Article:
Elizabeth Sanmartin submitted 2020-10-24

I am participating in the ACLS Scholarship for Healthcare Providers to help cover tuition costs towards a BSN degree. I have been an RN for 21 years and have worked entirely in the field of maternal/child care. A Bachelor’s degree will allow me to provide a higher quality of care to my patients and make more valuable contributions as a member of the healthcare team.

Providing emergency care is one of the more stressful moments of being a healthcare provider. It is a moment in which a life hangs in the balance and one’s actions have the potential to change the outcome. It is natural to feel nervous when one is beginning a healthcare career. What can we do to prepare and provide the best possible emergency care when it is called for? Know, prepare, and assess.


What do I need to know to be prepared to provide emergency care? I need to keep emergency care training current. Even though I have taken both BLS and ACLS many times during my nursing career there have been changes throughout the years and those changes are taught in the certification courses. When working with children in an acute care setting, PALS certification may be required. When as a new nurse I was nervous I would not remember what to do I would carry around with me a BLS and ACLS or PALS cheat sheet and review it whenever I could. That helped me to feel more confident about being able to provide emergency care when needed.

It is also important to know the protocols of the facility where I work and how to initiate the emergency response system. I make sure to review emergency protocols and familiarize myself with the communication systems that are used to call for assistance in an emergency.


How do I prepare? I prepare for each patient by ensuring that all emergency equipment is present and in working order. Emergency equipment checks are an important part of being prepared. In emergency situations preparation makes the process much smoother and allows me to focus on taking care of my patient. When working with pediatric patients in an acute care setting, additional preparations are needed. Working with children is very different from working with adults. With children it is important to calculate medications based on the patient’s age and weight. To be prepared it is standard to calculate and display the patient’s appropriate doses of emergency medications. This makes medication preparation safer and more efficient in the event of an emergency.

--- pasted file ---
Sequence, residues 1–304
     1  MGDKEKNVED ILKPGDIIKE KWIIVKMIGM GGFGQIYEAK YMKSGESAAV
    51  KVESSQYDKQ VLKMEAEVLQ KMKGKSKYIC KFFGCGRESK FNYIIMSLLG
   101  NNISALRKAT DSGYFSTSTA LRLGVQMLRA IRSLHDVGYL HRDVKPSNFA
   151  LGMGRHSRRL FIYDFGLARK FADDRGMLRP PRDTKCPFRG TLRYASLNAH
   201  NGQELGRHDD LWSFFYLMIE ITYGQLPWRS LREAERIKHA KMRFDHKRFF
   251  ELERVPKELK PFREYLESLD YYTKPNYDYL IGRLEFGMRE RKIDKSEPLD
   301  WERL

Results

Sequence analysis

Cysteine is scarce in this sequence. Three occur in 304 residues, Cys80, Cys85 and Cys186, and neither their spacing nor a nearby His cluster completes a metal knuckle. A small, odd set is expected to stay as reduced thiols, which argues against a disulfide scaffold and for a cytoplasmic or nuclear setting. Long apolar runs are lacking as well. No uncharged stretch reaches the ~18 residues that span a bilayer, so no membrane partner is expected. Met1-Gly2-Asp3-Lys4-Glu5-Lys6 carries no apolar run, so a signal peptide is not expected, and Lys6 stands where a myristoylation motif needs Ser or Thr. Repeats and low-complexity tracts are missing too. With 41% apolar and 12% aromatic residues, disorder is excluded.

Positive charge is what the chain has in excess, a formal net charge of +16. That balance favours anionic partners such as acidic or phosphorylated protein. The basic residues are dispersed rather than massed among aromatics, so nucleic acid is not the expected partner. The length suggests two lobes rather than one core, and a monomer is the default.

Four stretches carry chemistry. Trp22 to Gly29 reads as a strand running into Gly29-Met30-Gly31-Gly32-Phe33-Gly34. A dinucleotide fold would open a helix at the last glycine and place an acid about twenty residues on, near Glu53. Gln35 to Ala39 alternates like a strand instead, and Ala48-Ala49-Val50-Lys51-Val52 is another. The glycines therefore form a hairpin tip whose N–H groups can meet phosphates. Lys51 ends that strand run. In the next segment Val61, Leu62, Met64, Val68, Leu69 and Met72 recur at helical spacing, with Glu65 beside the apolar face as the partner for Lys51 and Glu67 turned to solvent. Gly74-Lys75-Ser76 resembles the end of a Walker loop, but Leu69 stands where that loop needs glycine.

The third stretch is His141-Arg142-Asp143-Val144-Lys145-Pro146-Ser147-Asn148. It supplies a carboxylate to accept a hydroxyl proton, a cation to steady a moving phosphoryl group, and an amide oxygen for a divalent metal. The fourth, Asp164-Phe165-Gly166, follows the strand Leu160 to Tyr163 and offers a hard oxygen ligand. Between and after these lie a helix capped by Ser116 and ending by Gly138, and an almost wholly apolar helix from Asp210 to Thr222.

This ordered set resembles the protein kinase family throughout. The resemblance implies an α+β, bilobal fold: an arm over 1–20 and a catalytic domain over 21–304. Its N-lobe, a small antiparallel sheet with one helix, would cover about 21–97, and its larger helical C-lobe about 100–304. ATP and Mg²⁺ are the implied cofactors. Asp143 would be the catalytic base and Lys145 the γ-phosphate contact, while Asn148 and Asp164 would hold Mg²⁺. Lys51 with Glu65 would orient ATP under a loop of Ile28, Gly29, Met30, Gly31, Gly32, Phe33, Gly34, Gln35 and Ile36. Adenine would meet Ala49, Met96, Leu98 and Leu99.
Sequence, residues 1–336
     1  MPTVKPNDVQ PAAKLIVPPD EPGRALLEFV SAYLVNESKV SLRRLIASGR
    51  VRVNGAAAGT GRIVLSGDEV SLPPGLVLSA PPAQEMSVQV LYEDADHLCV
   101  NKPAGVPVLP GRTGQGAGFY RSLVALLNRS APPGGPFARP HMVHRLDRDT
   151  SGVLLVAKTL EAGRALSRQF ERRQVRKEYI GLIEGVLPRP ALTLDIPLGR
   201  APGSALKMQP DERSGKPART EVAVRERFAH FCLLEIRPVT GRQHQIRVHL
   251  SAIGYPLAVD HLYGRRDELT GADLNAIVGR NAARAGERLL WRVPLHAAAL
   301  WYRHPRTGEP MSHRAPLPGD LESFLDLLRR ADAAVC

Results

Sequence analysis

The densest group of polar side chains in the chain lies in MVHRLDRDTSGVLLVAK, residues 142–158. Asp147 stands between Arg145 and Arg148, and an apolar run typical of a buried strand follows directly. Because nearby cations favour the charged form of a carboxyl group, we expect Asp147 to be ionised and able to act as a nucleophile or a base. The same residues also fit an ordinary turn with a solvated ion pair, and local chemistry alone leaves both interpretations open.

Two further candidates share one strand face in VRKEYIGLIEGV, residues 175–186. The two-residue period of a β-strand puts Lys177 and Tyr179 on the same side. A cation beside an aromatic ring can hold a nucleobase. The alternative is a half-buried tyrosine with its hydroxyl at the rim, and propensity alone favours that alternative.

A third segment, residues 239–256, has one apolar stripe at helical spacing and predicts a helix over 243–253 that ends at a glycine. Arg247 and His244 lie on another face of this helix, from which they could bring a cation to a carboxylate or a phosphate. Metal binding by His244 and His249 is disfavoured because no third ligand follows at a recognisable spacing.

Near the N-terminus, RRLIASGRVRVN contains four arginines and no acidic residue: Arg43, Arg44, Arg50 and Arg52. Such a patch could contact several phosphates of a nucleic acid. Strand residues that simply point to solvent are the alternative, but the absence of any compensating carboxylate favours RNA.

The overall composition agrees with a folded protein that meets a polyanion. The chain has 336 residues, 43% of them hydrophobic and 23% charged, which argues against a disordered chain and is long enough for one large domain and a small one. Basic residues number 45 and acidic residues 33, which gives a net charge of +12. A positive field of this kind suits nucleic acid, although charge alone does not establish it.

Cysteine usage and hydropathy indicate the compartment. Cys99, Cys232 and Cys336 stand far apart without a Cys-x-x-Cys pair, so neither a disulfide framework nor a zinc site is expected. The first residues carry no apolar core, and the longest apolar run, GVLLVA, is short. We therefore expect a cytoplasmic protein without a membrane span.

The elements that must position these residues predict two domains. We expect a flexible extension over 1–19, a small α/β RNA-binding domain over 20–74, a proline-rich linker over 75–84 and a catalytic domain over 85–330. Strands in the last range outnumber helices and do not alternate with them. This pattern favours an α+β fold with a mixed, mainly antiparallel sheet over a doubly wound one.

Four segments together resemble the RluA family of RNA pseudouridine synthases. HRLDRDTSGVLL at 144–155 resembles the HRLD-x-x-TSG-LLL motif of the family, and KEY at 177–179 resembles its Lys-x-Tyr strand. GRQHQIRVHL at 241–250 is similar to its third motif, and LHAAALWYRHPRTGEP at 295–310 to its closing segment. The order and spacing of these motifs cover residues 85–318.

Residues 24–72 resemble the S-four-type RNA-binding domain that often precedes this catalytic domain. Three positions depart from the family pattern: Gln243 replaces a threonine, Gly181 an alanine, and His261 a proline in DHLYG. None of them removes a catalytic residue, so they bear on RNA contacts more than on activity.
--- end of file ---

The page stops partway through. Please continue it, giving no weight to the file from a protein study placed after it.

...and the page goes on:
When orienting to a new setting I believe it is important to familiarize myself with the type of emergency equipment that is in use and its location. I also prepare by understanding the different roles within an emergency response team. When an emergency occurs, the entire team responds but each team member must understand each individual role that needs to be filled and be prepared to fill it. Emergency responses and protocols vary by setting and facility, and being prepared means being familiar with those protocols.


Assessment is an important part of emergency care. Assessment is informed by health history, current health status, and physical evaluation. In my current position, women have just given birth and the circumstances of their labor and birth experience affect their risk. A thorough assessment is an important part of emergency care because it establishes the patient’s baseline and identifies the issues that can potentially contribute to an emergency. Identifying a patient’s risk factors will guide interventions to prevent an emergency or identify a possible cause. Patients should be informed about their risks and instructed about what symptoms to report promptly.

One of the more difficult things to overcome when providing emergency care is the awareness of the life hanging in the balance. The weight of the responsibility can feel overwhelming and cause a variety of emotions. Emergency care can be an emotionally intense experience. I have always found it helpful to channel my energy into focusing on the care I need to be providing and my role within the emergency response team. By being aware of the feelings that may potentially arise and cause us to lose focus we are better prepared to recognize them when they happen and re-focus without letting them overwhelm us. Once the emergency is over, we can find a safe place and allow the emotions to be expressed.

To be prepared to provide BLS, ACLS, or PALS there are several steps I take. Know the current recommended procedure. Find a review method that works and review it frequently until it is learned. Be prepared with the proper equipment. It should be present and easily accessible. Verify that all equipment is functional by testing it every day or shift. Know facility protocols. Assess the patients. Perform thorough physical assessments and medical history. Educate patients about their risks and what symptoms should be reported immediately. Expect emotional intensity. Use other emotional situations to learn to focus emotional energy into action. Find safe outlets for emotions or stress. Preparation is the key to optimal performance.